Thirteen-year-old Lori Brown made an important discovery with her science fair project this year.
She concluded that those house plants in your window would grow better if they were spinning at 33 rpm on the stereo turntable _ or, more accurately, that plants grow better when exposed to centrifugal force.
But the Crystal River Middle School pupil acknowledged that her newly discovered plant-growing procedure has some drawbacks. "I think they got kind of confused because they didn't know where to look for the light," she said.
All around the Crystal River Armory on Tuesday, Citrus middle and high school students were explaining their insights into solutions to scientific problems ranging from the movement of stars to the amount of iron in well water.
The event was the annual Citrus Regional Science and Engineering Fair, which featured about 160 projects selected from schools throughout the county. They vied for the attention of about 45 judges, who were selecting which ones might win awards or go on to state and international competitions later this spring.
The public may see the projects today from 9 a.m. through 8 p.m. at the Armory on Seven Rivers Drive, just east of U.S. 19. The awards ceremony begins at 7:30 p.m. Thursday at the Curtis Peterson Auditorium in Lecanto.
On Tuesday, the pressure of being judged made for a roomful of nervous young people.
Inverness Middle School student Andrew Cross, 13, kept glancing at the judges moving toward his project as he explained how he used piping filled with dirt to determine the amount of household chemicals that could leak into Florida's underwater water supply.
Beside him, 12-year-old classmate Kim Gates was talking about her experiment to discover whether the destruction of the world's rain forests is depleting the planet's oxygen supply.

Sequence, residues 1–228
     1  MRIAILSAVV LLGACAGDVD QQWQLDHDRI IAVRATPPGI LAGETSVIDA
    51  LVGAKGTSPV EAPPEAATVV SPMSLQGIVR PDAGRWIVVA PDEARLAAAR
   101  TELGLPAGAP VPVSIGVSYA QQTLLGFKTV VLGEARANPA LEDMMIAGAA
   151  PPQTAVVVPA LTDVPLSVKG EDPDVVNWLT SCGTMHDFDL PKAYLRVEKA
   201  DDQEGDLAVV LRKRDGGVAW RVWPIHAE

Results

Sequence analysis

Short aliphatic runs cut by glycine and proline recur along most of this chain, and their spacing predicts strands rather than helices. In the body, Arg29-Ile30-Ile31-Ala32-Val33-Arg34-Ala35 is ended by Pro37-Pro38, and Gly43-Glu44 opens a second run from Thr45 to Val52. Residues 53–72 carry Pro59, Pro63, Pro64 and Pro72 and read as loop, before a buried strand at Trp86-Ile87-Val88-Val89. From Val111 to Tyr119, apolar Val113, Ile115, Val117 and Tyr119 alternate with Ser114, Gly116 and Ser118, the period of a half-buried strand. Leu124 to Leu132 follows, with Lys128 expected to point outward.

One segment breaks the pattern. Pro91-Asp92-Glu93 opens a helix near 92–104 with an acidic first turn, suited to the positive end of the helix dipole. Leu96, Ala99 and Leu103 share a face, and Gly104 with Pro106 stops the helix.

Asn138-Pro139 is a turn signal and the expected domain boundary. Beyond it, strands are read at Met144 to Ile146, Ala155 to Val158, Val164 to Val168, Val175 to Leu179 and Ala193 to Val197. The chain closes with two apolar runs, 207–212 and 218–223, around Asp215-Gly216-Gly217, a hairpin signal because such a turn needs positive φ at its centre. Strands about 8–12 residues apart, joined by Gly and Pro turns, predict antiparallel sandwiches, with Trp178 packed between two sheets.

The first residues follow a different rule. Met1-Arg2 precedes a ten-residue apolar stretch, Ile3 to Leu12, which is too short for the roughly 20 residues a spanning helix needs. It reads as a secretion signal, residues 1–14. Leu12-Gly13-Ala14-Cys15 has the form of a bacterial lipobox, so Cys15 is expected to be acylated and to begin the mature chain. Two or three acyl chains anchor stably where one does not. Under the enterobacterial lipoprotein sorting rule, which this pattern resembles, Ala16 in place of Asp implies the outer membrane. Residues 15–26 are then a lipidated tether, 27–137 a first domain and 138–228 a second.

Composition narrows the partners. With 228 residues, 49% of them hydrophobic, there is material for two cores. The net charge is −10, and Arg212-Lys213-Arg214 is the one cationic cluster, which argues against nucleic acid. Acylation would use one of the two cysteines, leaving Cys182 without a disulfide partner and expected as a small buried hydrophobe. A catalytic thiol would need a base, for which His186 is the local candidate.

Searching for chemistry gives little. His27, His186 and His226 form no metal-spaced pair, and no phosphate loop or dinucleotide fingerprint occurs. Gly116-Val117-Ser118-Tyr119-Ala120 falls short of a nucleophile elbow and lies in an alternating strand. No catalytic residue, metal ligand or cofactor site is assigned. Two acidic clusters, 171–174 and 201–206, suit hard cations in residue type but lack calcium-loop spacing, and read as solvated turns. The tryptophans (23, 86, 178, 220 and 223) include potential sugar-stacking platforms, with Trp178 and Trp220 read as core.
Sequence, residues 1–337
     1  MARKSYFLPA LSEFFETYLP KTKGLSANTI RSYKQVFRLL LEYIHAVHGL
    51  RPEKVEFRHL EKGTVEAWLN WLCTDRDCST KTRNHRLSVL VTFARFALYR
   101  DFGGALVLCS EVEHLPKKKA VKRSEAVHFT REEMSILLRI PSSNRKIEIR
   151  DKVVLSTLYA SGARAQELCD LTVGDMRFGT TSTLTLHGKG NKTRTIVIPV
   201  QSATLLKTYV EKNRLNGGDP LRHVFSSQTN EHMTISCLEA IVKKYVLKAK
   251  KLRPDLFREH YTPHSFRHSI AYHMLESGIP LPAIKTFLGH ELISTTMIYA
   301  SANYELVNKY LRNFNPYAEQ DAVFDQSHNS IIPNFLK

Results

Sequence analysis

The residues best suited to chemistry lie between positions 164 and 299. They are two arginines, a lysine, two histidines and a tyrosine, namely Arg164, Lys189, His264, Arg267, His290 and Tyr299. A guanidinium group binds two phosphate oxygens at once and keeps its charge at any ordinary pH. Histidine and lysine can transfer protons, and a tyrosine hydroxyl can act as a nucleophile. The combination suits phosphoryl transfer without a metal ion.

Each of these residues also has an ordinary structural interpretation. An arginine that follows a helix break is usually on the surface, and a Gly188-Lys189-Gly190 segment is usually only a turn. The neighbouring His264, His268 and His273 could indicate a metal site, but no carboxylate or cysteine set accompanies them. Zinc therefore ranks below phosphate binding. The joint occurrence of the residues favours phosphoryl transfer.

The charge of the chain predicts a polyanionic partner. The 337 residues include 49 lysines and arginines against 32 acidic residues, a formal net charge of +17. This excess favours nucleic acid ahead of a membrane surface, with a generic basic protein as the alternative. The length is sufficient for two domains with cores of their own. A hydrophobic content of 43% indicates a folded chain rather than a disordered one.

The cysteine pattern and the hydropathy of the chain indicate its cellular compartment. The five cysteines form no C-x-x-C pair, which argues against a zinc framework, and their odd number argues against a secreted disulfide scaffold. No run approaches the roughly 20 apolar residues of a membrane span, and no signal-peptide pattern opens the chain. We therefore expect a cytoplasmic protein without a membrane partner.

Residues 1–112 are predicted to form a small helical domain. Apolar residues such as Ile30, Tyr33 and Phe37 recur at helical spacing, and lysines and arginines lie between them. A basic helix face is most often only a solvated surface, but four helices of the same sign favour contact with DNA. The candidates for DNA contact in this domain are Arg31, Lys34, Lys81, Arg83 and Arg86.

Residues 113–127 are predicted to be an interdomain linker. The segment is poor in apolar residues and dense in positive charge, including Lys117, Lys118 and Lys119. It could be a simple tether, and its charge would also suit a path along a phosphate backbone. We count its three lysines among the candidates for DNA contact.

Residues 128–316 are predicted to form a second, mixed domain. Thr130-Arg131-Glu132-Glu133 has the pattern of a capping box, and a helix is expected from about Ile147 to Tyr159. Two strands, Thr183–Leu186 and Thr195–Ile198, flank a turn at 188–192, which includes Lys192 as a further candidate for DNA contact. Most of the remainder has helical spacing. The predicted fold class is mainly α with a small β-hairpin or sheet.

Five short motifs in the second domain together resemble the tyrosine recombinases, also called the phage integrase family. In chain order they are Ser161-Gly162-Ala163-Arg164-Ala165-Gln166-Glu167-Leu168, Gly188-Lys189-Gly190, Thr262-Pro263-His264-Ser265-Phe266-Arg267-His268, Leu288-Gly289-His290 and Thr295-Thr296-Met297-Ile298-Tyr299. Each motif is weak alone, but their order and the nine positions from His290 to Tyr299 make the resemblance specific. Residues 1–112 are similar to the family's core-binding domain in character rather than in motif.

Crystal River Middle School student Shannetta Murray, 13, checked out the growth of crystals. "It was fun," she said.
In the senior division, projects boasted names like "Aluminum and Your Health" or "Amino Acids Under Thermal Conditions in Relation to Peptide Bonding."
Dave Soluri, co-director of the science fair, admitted that this year's competition has many highly technical projects.
"The level of science has become very technical, and the students have learned that technical projects do much better" in the higher levels of competition, he said. "We're having real trouble picking projects for the state" because so many are qualified.
Citrus High School senior Knute Lingaard's project was entitled, "The Effects of High Frequency AC Annealing on Irradiating Microprocessors."
The 18-year-old said he used high electrical currents to try to repair computer chips damaged in high radiation. The idea came from the malfunctioning robots used by the Soviet Union to try to clean up the nuclear disaster at Chernobyl several years ago.
While Lingaard wasn't completely successful, he said that finding a way to repair the robots could save lives and have many applications in space.
But he learned other things, too. "You learn not to give up and you keep finding new solutions to problems," he said.
Soluri agreed. "We want them to have the ability to solve problems, which is what their whole life is going to be about when they get out of here," he said.